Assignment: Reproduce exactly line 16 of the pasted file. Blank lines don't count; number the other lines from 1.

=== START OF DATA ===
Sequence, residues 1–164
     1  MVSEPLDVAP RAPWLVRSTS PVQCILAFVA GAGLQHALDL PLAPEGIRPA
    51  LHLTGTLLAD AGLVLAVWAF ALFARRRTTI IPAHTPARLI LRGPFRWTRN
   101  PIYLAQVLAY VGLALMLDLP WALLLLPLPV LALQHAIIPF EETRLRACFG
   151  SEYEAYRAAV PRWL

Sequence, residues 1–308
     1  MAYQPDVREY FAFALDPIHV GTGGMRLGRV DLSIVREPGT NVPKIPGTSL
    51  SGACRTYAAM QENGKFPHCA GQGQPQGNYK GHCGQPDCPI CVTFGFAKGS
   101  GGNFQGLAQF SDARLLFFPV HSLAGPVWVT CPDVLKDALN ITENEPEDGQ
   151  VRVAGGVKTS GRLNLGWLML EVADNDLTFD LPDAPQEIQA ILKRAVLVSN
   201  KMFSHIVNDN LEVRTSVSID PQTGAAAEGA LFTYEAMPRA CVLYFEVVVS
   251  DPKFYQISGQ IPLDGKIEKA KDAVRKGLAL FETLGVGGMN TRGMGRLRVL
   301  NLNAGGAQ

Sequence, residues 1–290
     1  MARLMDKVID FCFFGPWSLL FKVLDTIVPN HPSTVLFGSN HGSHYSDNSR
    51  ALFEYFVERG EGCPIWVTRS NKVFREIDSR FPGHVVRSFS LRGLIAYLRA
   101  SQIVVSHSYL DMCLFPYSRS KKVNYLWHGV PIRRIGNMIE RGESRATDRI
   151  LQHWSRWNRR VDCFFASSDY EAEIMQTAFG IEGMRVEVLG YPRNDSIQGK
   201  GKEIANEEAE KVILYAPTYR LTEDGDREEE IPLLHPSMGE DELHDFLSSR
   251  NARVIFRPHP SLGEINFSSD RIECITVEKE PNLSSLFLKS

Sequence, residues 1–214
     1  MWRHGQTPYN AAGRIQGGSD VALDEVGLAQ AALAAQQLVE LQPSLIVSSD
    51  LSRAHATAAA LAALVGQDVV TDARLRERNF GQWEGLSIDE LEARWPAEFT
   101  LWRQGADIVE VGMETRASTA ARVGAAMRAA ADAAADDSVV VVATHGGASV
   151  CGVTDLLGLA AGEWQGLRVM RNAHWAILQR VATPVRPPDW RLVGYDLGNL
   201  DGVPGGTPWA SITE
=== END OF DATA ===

    51  ALFEYFVERG EGCPIWVTRS NKVFREIDSR FPGHVVRSFS LRGLIAYLRA